The Lessons We Learn as Kids
Have fun. Be safe. Respect your elders. Always do your best.
Those were the 4 big things I heard growing up. Whether going to school, outside to play, a party, to spend the night with a friend, wherever. Those 4 things were the always-instructions. I knew it was expected of me. Even the have fun part!
I was pondering what those always-instructions look like now. Whether at work or play. What have I carried with me into my adult world? And what has carried with you?
- Respect your elders.
I respect my elders still. The older I get, the more value I realize those with more life experience than me have to give. But I have expanded that rule to respect everyone. Respect, if it’s genuine, is usually reciprocal. So, to show respect to get respect is not genuine. That’s manipulation. Sincerely looking for the good to be respected in each person, each conversation, has its rewards, though. Whether we are looking for them or not. And in most everyone we can find something to respect. It goes a long way in building relationships that are trustworthy.
- Always do your best.
Yep! Don’t expect someone else to do your best for you. If you want to be your best, you must do your best. Then realize that engaging others whose “best” looks different than yours is usually a smart move for getting the best out of teams, which include families.
- Have fun.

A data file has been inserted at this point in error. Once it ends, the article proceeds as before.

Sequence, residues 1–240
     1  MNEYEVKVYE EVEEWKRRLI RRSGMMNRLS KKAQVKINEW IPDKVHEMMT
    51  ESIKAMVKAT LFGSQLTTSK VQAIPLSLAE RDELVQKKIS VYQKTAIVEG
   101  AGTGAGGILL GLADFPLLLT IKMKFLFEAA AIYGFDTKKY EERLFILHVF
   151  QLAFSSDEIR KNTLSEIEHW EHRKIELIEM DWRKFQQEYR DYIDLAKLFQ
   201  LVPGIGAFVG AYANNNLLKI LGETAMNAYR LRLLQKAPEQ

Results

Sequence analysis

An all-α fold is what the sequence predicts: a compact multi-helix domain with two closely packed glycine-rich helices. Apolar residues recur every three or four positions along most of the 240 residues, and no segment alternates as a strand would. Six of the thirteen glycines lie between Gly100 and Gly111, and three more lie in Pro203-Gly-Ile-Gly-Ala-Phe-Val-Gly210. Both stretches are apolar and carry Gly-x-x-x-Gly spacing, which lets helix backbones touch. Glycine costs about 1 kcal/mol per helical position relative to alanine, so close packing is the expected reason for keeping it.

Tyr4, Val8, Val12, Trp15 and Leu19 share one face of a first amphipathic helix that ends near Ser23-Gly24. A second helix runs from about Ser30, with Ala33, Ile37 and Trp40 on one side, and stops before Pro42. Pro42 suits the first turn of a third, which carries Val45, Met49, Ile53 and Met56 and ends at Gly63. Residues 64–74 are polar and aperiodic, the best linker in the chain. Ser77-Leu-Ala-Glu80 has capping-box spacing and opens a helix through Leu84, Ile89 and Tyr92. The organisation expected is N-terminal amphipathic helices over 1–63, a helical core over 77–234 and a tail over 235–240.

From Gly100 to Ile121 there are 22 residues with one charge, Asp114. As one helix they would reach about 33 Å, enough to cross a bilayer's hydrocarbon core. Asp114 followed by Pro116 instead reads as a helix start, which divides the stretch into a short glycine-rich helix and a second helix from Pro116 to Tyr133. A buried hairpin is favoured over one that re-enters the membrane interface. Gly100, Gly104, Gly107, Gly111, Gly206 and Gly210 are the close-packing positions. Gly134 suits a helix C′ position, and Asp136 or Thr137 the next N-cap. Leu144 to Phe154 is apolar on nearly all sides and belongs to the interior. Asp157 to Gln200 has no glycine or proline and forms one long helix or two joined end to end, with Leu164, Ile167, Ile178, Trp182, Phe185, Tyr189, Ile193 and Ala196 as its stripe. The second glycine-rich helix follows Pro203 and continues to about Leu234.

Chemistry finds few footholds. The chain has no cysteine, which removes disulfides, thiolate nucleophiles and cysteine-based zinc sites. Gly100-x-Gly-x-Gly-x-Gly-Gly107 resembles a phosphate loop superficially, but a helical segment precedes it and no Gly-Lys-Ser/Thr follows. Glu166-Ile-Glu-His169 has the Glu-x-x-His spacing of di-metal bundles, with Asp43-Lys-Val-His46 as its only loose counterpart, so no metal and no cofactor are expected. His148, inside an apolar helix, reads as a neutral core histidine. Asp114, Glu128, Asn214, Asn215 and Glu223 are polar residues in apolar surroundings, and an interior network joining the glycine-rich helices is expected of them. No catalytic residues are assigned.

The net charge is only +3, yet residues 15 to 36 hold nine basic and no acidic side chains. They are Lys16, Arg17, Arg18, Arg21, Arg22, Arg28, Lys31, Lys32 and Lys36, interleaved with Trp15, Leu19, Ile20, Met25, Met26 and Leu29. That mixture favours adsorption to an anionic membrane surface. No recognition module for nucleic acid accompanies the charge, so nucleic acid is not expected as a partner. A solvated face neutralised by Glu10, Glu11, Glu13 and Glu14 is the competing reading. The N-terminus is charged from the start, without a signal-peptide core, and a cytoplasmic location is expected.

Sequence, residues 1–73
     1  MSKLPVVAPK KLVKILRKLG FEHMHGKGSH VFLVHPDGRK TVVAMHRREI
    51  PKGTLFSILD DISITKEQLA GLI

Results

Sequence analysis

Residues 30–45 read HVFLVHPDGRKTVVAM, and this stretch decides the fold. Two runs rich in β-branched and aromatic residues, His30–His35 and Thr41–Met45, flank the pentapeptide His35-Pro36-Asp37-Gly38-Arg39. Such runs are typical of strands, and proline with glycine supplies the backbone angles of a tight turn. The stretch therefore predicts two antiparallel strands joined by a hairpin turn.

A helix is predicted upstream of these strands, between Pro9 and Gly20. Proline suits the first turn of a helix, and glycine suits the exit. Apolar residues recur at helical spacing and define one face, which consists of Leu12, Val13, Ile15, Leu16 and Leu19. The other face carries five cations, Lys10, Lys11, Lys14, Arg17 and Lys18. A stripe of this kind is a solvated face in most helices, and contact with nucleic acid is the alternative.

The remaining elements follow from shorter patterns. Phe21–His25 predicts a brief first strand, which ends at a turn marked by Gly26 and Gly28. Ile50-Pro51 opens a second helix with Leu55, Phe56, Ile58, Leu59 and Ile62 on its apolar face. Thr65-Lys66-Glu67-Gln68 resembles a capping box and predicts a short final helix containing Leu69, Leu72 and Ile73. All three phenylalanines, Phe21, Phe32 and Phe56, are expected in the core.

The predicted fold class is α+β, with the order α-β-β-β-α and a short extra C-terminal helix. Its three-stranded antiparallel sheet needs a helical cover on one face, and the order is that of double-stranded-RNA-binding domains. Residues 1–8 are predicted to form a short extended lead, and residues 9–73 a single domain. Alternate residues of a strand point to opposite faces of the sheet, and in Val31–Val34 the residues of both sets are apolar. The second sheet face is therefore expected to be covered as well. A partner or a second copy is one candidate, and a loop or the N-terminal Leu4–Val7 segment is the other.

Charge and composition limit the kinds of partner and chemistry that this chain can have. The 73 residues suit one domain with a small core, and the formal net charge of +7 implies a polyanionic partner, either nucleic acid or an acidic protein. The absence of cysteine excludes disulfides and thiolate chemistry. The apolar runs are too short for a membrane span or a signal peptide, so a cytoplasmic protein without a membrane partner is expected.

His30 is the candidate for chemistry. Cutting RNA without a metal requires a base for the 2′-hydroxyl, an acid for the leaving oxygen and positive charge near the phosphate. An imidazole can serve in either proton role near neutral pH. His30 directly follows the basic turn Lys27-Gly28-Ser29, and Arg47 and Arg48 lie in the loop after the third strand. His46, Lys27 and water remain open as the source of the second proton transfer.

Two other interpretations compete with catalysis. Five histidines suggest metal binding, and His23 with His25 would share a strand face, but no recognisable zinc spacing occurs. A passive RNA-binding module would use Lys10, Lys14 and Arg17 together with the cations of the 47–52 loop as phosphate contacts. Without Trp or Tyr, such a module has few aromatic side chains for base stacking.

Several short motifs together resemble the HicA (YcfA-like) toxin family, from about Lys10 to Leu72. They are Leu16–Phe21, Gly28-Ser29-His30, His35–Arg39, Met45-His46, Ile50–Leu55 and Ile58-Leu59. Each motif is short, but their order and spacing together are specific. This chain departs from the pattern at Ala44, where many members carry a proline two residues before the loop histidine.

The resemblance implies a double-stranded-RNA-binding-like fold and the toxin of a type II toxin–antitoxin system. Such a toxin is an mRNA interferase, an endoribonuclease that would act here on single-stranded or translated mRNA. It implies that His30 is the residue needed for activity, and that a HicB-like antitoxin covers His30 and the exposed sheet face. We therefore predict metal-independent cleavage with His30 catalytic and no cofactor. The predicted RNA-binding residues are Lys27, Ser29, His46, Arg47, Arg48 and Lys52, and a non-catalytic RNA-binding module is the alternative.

I have been doing better with that the past few years. It was easy for me to get lost in a project and forget that fun is a huge part of what re-energizes me and brings me joy. Bringing more energy and joy to all we do is always a positive!
- Be safe.
I knew as a kid that meant look both ways before crossing the street, don’t take candy from strangers, etc… It was me staying safe. Not a bad thing. But I have come realize that being safe for others is of incredible value. Being the one who will listen, understand, support as I can. That is the kind of “be safe” I am most focused on now.
And I see ALL these things play out in my integrated life of both personal and business. Much value is deposited to myself and others by showing respect, always doing my best, having fun, and being a safe place.
What about you?
What are some rules you had growing up that you have carried with you into adulthood? I would love for you to share in the comments.
Brenda Harkins is an Author, Speaker, Mediator, and Coach specializing in Personal, Relational and Leadership Transformation. Brenda founded Harkins Leadership Group and developed the Loud Is Not A Language® communication model, helping to build collaborative communities on foundations of trust in both our business and personal worlds. Brenda’s passion for mining gold in people is shared with her love for God, family, good friends, good coffee, and west Texas sunsets. She can be reached at email@example.com.